QuestionCan I write a journal on the current issueswikiHow ContributorCommunity AnswerYes. You can write a journal about anything you feel is important to you, or that sparks your interest.Thanks!
QuestionHow do I keep my journal private?wikiHow ContributorCommunity AnswerThanks!
QuestionDoes everything have to be secret in your diary or journal?wikiHow ContributorCommunity AnswerNo. You can write a blog or something on your laptop or computer. You can always just explain your feelings to people. You don't have to keep everything a secret.Thanks!
QuestionHow can I keep a journal for my goals?wikiHow ContributorCommunity AnswerWrite down your goal in life, and add an entry every time you make progress toward your goal. This will help you focus on one area of your life.Thanks!
QuestionWhat is a good way to end the journal entry?wikiHow ContributorCommunity AnswerA good way to end a journal entry is to summarize your entry, or write, "Goodbye for the time being." Treat it as though you were wrapping up a conversation with a person.Thanks!
QuestionIf I don't know what date to put, can the date be random?wikiHow ContributorCommunity AnswerYes. You could also explain in the diary entry what the range of dates is, and from within that range, write down what you believe to be the most likely date or dates.Thanks!
Do I make recommendations as summary of my journal entry?
What is the best type of journal for planning, writing, and drawing?
How can I write a journal related to teaching ?
Where can I find a free journal template for my journal?
If you’re writing a journal entry for yourself, sit down in a quiet place with a pen and a journal or a piece of paper. Think about what is going on in your life, or something that happened to you during that day. Once you start thinking about something, write down your thoughts on paper as they occur to you. Don’t worry about getting the grammar or punctuation right; just let your thoughts flow. Once you’ve finished the thought, close the journal and come back the next day.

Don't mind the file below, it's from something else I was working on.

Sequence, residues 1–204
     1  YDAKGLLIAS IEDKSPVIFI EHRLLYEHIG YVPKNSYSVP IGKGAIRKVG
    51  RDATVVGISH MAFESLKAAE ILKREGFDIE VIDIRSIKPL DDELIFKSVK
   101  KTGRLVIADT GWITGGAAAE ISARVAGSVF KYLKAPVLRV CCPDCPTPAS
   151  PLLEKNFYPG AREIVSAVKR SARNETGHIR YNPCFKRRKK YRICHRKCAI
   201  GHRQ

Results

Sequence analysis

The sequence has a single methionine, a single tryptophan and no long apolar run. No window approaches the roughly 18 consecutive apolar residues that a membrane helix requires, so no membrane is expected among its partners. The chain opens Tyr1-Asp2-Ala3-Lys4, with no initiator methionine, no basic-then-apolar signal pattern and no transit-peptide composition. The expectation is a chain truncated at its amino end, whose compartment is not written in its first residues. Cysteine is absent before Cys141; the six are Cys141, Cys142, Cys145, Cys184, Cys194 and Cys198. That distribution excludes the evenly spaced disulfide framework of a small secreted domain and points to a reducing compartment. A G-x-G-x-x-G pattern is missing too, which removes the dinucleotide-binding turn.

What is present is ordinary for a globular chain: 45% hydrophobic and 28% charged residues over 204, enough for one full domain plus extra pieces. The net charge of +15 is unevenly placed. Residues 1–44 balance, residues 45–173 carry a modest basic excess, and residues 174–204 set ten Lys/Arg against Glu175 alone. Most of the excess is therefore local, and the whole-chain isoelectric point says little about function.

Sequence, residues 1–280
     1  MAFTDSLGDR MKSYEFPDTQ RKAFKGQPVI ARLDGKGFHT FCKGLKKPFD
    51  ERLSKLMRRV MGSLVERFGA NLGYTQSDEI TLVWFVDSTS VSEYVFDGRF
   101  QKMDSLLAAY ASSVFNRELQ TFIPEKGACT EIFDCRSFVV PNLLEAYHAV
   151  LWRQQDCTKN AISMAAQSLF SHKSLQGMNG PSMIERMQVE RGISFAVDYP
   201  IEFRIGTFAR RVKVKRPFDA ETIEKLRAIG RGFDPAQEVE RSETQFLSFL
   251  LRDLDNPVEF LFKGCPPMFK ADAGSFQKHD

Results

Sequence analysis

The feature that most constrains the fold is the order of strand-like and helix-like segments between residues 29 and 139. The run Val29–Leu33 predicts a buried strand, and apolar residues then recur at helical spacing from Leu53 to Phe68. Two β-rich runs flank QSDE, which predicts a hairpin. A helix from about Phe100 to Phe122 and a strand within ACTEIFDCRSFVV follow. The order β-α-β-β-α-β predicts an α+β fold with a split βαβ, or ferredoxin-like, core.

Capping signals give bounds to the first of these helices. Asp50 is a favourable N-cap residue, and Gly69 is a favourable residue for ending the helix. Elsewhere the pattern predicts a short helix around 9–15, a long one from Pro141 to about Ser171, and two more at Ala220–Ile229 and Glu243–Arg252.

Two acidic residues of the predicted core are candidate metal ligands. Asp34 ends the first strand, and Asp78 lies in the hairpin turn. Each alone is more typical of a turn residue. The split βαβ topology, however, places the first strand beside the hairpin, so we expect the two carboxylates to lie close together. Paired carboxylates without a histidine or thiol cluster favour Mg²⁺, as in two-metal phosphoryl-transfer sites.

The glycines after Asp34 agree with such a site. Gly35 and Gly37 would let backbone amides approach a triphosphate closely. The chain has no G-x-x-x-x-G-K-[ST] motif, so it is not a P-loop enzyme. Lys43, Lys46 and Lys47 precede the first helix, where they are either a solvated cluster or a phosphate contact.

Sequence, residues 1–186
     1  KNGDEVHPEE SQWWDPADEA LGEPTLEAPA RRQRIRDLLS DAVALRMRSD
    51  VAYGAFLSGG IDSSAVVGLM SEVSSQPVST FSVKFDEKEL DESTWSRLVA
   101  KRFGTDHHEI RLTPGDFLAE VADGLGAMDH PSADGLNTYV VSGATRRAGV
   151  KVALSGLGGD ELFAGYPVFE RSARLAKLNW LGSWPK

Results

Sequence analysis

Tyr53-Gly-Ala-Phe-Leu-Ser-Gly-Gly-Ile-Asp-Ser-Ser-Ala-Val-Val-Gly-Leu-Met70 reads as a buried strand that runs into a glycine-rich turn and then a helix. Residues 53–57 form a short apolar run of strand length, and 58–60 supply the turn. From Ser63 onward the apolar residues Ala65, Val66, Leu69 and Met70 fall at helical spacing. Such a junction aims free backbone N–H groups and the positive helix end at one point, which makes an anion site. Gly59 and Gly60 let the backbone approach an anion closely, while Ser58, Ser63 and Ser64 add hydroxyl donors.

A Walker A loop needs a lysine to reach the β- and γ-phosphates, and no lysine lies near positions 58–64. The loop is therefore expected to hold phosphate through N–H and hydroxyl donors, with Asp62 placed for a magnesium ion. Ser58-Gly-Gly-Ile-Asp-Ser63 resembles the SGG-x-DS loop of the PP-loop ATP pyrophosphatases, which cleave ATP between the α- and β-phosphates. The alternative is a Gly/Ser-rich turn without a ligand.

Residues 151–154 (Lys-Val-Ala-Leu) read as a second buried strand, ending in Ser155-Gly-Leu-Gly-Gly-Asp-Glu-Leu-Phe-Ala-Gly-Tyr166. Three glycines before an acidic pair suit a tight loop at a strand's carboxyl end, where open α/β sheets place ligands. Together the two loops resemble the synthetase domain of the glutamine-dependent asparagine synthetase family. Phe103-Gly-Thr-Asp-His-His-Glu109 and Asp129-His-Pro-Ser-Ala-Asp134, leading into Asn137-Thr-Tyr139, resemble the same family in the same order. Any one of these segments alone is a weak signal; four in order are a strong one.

- You don't have to begin with the typical "Dear Diary". Address it to anyone, yourself, or nobody. Just start writing.
- Take your time, don't rush and try to get everything down.
- Sometimes we get so overwhelmed with the bad things that happen- and that's usually what we write down. Instead, try to remember the beautiful things in life too. You want to smile/laugh when you go back and read it- so think happy!
- If it's been a while since you last wrote, don't try to catch up on all the interesting past events - that kills a journal faster than anything. Just start from where you are right now, and if something significant happened recently, it will still be on your mind and you can add it in. Think of your journal as "snapshots" of moments rather than a complete and comprehensive "video" of your life.
- Writing can consume you once it grabs you. Don't expect to ever be able to give it up!
- If your journal is really good and you become famous later on, you can make it into an autobiography.
- Sometimes having a shower or bath can help you remember and recap your day.
- List all your best friend's addresses/phone numbers/emails to look back on in the future.
- Write out some timelines of events! Show your school day, for example; "1st period is from X:XXam to X:XXam, 2nd..." so on.
- Make the journal work for you. If writing about your feelings drags you into negative space, write about what you accomplished each date. Think Captain's Log rather than pre-teen Dear Diary.
- If your journal contains extremely private thoughts, take care to keep it accessible only to yourself.
- Take your journal everywhere you go because you never know when you could get an interesting idea that needs to be written down!
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Video: How to Write a Journal Entry in 5 Steps